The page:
Part of the spurt may be attributed to oil-prices climbing once again, but the even larger part to China's huge infrastructural investments and resource extraction that is also attracting western attention. Led by the United States and the World Bank, western investors and creditors may be coming out of their slough, but to continue progressing, Trump's protectionist policies need to also be softened or silenced.
That growth was rebounding elsewhere even as Trump was fiddling with his policies throughout 2017 suggests he was not the cause of this spurt: seeds sown by Barack Obama were beginning to flower even before Trump could settle into his Oval Office. Yet, part of the credit must also go to Trump for reawakening the (at least US) business community.
Any relapse must also be partly shared by him. For example, many non-democratic countries have embarked on a huge militarisation programme, as with Saudi Arabia, in turn, spending massively to import hardware from the United States. This cannot constitute the course of a long-term economic growth. Another is how even rebounding oil-prices cannot be compared with previous outbursts: the renewable energy component of global energy is far bigger today than ever before, and growing. Finally, China's global extensions cannot but be near their own financial limits, given that China's growth-rate no longer climbs, merely struggles to hold on to the previous year's rate, even then at considerably lower thresholds than ever before.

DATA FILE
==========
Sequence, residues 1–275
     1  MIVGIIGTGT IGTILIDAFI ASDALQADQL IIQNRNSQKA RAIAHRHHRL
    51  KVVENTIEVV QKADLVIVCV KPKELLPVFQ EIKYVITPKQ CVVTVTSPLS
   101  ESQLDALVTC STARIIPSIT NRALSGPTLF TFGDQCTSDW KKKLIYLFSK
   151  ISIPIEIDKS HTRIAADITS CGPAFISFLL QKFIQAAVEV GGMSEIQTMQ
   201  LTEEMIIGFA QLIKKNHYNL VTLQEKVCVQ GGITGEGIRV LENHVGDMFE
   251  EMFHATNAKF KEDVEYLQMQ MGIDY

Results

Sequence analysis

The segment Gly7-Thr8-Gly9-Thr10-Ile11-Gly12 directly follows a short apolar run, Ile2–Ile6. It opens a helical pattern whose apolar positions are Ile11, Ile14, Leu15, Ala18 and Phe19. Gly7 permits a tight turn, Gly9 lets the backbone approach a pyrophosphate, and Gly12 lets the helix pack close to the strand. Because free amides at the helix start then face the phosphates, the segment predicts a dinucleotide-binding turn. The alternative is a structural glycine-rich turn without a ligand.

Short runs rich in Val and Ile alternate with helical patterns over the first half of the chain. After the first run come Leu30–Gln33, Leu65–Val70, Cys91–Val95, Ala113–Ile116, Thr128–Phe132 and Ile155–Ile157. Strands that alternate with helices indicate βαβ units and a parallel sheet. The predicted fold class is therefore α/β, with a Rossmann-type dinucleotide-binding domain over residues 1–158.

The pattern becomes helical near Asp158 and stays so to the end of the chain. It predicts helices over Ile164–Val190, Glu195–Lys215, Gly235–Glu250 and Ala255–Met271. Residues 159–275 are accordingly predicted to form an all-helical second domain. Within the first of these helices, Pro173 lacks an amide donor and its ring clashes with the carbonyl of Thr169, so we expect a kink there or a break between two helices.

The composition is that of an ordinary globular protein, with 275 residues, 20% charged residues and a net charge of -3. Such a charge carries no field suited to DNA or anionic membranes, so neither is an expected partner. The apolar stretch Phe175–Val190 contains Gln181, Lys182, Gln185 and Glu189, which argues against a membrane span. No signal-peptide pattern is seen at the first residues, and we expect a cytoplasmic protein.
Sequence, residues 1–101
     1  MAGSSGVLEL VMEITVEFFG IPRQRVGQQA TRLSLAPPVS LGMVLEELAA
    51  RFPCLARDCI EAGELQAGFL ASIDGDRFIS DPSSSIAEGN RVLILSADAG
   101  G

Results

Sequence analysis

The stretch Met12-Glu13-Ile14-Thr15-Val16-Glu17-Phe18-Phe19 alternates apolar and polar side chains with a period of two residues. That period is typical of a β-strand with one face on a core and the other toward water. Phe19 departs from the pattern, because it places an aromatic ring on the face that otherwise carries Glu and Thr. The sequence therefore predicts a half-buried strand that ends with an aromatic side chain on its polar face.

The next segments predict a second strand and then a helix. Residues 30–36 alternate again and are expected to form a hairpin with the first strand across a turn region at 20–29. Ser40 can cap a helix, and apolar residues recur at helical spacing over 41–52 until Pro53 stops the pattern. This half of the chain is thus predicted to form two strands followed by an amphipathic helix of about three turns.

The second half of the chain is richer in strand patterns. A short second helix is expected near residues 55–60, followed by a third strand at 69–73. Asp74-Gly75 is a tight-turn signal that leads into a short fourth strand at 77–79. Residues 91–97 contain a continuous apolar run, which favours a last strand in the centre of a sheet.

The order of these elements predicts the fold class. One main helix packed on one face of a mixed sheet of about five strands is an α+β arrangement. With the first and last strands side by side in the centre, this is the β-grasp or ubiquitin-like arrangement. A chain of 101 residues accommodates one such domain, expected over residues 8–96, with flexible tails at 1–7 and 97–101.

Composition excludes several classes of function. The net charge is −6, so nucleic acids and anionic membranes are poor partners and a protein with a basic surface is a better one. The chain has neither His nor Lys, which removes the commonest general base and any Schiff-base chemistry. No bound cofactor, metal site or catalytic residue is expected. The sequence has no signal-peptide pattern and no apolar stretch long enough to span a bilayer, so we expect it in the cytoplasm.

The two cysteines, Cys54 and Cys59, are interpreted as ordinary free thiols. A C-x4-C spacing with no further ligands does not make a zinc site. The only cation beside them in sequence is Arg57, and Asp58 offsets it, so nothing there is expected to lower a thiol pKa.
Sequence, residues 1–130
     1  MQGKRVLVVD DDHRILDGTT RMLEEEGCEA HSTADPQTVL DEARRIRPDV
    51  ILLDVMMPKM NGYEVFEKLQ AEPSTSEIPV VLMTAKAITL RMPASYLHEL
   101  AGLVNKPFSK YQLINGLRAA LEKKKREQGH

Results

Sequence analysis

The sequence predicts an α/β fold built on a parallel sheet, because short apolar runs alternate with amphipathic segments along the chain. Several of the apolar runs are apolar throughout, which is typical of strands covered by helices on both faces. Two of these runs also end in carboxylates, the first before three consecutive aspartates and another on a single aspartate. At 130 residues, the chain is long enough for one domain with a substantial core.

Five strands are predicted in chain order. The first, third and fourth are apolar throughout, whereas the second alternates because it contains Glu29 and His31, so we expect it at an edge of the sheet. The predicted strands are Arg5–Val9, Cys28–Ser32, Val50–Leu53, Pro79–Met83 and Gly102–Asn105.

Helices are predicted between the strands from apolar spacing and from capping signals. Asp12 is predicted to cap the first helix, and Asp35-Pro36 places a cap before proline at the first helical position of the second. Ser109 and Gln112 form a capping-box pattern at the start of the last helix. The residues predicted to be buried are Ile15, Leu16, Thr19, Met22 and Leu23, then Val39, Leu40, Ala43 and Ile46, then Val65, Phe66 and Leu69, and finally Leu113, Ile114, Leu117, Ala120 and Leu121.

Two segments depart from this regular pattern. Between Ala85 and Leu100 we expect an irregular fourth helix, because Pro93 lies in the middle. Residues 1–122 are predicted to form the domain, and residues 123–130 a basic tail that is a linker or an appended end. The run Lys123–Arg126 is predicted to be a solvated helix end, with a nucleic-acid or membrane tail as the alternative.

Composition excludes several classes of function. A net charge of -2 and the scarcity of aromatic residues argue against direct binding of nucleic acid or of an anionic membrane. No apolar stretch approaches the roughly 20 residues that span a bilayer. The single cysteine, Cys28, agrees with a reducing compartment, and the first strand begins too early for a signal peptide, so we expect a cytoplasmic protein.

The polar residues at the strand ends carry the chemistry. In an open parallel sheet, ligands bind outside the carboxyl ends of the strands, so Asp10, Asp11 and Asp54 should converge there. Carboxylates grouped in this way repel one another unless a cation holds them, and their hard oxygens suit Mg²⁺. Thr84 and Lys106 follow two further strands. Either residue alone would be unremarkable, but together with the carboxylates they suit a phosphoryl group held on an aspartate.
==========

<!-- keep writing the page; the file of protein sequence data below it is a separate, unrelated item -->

Given the cyclical nature of this spring's economic growth, its Autumn, perhaps even another Winter, cannot be ruled out: Sri Lanka defaulted on its Chinese loans, Pakistani retailers are finally up against Chinese imports, India is locking horns with China in Bhutan (over Doklam), the Maldives (over whose candidate should govern the island), Nepal (dissuading the well-entrenched communists from China), and quarrels now even in Bangladesh (over infrastructural project financing); while Middle East militarism can eat into reforms unleashed by Prince Muhammad bin Salman and Hassan Rouhani in Saudi Arabia and Iran, respectively. There is also tension from China confronting the big-wigs, Japan and the United States, elsewhere across Asia, for example, through the budding Quadrilateral Security Dialogue, on one front, or counterpart infrastructural projects to roll-back China's mammoth Belt Road Initiative, on another. Yet, that does not mean we should fasten our seat-belt for a boom-time Summer. It looks like a sunnier season than many we have seen of late, even though politics is a nasty unpredictable beast, although this glow is also poised to fade given all the irritants in the atmosphere.
Dr. Imtiaz A. Hussain is Professor & Head of the newly-built Department of Global Studies & Governance at Independent University, Bangladesh.